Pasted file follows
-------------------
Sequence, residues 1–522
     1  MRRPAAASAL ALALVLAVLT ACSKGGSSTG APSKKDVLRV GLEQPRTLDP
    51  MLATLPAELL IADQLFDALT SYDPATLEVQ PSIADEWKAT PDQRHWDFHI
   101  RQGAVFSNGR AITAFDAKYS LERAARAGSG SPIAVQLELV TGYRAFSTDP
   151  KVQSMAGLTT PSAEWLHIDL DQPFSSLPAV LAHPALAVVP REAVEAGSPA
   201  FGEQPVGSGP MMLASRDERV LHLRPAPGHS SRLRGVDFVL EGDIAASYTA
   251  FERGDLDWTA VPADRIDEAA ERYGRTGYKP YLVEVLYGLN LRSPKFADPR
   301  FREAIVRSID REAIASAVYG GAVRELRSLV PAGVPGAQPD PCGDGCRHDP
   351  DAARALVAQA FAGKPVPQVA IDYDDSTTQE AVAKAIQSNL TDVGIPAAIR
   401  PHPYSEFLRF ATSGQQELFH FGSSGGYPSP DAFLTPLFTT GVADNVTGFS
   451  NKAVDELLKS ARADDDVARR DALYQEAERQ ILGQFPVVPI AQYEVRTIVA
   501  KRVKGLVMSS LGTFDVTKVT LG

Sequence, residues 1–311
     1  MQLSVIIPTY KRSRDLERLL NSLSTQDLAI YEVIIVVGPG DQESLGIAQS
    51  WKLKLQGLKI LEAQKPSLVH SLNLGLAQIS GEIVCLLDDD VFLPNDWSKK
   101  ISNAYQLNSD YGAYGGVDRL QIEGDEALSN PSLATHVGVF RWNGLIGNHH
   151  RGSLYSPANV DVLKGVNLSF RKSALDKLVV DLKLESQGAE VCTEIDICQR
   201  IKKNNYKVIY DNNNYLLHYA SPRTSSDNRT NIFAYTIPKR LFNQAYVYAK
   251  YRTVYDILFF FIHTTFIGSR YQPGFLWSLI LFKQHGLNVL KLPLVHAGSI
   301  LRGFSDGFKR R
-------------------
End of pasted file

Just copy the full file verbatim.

Sequence, residues 1–522
     1  MRRPAAASAL ALALVLAVLT ACSKGGSSTG APSKKDVLRV GLEQPRTLDP
    51  MLATLPAELL IADQLFDALT SYDPATLEVQ PSIADEWKAT PDQRHWDFHI
   101  RQGAVFSNGR AITAFDAKYS LERAARAGSG SPIAVQLELV TGYRAFSTDP
   151  KVQSMAGLTT PSAEWLHIDL DQPFSSLPAV LAHPALAVVP REAVEAGSPA
   201  FGEQPVGSGP MMLASRDERV LHLRPAPGHS SRLRGVDFVL EGDIAASYTA
   251  FERGDLDWTA VPADRIDEAA ERYGRTGYKP YLVEVLYGLN LRSPKFADPR
   301  FREAIVRSID REAIASAVYG GAVRELRSLV PAGVPGAQPD PCGDGCRHDP
   351  DAARALVAQA FAGKPVPQVA IDYDDSTTQE AVAKAIQSNL TDVGIPAAIR
   401  PHPYSEFLRF ATSGQQELFH FGSSGGYPSP DAFLTPLFTT GVADNVTGFS
   451  NKAVDELLKS ARADDDVARR DALYQEAERQ ILGQFPVVPI AQYEVRTIVA
   501  KRVKGLVMSS LGTFDVTKVT LG

Sequence, residues 1–311
     1  MQLSVIIPTY KRSRDLERLL NSLSTQDLAI YEVIIVVGPG DQESLGIAQS
    51  WKLKLQGLKI LEAQKPSLVH SLNLGLAQIS GEIVCLLDDD VFLPNDWSKK
   101  ISNAYQLNSD YGAYGGVDRL QIEGDEALSN PSLATHVGVF RWNGLIGNHH
   151  RGSLYSPANV DVLKGVNLSF RKSALDKLVV DLKLESQGAE VCTEIDICQR
   201  IKKNNYKVIY DNNNYLLHYA SPRTSSDNRT NIFAYTIPKR LFNQAYVYAK
   251  YRTVYDILFF FIHTTFIGSR YQPGFLWSLI LFKQHGLNVL KLPLVHAGSI
   301  LRGFSDGFKR R